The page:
New Zealand's purchasing power with the rest of the world has hit its highest level in 44 years, thanks to the recovery in dairy prices.
Official figures show the terms of trade, or the quantity of imports that can be bought with a given quantity of exports, rose by 5.1 percent in the three months to March.
Export prices rising faster than import prices meant the terms of trade were now at their highest since June 1973.
"The current high in the terms of trade is a result of a strong upwards trend in the terms of trade since 2000," Statistics NZ business prices manager Sarah Williams said.
Export prices rose 8 percent, led by a rebound in milk powder, butter and cheese.
Dairy prices jumped 18 percent, following a 14 percent increase in the December quarter. Despite the gains, dairy prices were still 21 percent lower than the recent peak three years ago.
Forestry product prices rose 11 percent to hit their highest level since measurements began in 1971, while there were also gains for aluminium and meat.
Better prices more than made up a sharp 4.6 percent fall in volumes, which followed a 5.5 percent drop in the December quarter.
Exporters shipped less dairy, with volumes plunging 19 percent over the last two quarters.
"I suspect there is a bit of stockpiling going on," Westpac Bank acting chief executive Michael Gordon said.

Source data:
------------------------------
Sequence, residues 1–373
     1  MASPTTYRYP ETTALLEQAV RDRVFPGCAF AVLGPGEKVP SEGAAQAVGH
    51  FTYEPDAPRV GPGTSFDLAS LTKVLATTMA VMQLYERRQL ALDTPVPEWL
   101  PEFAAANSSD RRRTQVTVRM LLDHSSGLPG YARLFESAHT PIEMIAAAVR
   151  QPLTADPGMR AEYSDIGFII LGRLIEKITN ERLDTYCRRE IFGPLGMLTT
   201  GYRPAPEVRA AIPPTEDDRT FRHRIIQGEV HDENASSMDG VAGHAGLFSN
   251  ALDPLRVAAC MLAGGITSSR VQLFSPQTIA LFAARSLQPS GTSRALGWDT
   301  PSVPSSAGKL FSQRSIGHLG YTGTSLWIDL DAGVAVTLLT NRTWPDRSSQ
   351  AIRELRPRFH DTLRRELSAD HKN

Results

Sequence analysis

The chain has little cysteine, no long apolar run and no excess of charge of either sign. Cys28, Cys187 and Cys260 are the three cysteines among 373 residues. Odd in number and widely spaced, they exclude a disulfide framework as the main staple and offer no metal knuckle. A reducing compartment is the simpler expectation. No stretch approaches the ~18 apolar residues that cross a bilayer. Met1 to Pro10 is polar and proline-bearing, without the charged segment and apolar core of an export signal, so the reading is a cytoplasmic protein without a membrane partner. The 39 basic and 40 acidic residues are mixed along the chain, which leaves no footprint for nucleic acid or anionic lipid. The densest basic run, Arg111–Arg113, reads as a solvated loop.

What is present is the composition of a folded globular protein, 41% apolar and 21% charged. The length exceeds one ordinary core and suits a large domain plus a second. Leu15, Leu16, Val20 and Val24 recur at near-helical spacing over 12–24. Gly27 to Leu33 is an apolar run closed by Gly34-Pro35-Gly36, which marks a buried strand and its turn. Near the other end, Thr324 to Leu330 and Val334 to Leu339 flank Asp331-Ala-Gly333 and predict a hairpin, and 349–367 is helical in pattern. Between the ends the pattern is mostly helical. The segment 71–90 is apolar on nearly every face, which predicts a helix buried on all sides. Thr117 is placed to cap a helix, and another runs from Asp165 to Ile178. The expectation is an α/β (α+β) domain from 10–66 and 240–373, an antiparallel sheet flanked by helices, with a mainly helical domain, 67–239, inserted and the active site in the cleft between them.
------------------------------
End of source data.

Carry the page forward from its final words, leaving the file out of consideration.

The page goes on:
"We're already had the trade figures for the April month that point to a strong rebound in dairy volumes, so I think there was stuff being held back over the March quarter and will be shipped later."
Import prices rose 2.7 percent in the March quarter, largely due to more expensive crude oil, and electronic goods such as mobile phones and personal computers.
The 1973 trade peak, fuelled by higher prices for dairy, meat and wool, proved short-lived.
It fell after key export market Britain joined the European Economic Community, and after the first big oil crisis pushed up fuel prices sharply in late 1973.
"This is more of a sustained increase in our purchasing power compared to the previous high in the early 1970s," Mr Gordon said.
"We're in a much better position than this 44-year comparison suggests. We now [produce] what the fast growing parts of the world wants."